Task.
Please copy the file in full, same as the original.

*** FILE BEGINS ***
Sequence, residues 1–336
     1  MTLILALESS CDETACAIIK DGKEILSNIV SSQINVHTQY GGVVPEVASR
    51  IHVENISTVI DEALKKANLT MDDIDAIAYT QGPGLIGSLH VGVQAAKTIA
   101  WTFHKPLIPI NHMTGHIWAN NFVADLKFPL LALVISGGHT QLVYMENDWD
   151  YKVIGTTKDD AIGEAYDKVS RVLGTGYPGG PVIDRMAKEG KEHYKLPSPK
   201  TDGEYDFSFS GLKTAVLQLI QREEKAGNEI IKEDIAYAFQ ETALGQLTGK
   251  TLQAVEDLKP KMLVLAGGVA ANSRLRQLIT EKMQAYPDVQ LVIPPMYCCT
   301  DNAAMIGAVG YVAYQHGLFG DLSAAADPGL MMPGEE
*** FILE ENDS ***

Sequence, residues 1–336
     1  MTLILALESS CDETACAIIK DGKEILSNIV SSQINVHTQY GGVVPEVASR
    51  IHVENISTVI DEALKKANLT MDDIDAIAYT QGPGLIGSLH VGVQAAKTIA
   101  WTFHKPLIPI NHMTGHIWAN NFVADLKFPL LALVISGGHT QLVYMENDWD
   151  YKVIGTTKDD AIGEAYDKVS RVLGTGYPGG PVIDRMAKEG KEHYKLPSPK
   201  TDGEYDFSFS GLKTAVLQLI QREEKAGNEI IKEDIAYAFQ ETALGQLTGK
   251  TLQAVEDLKP KMLVLAGGVA ANSRLRQLIT EKMQAYPDVQ LVIPPMYCCT
   301  DNAAMIGAVG YVAYQHGLFG DLSAAADPGL MMPGEE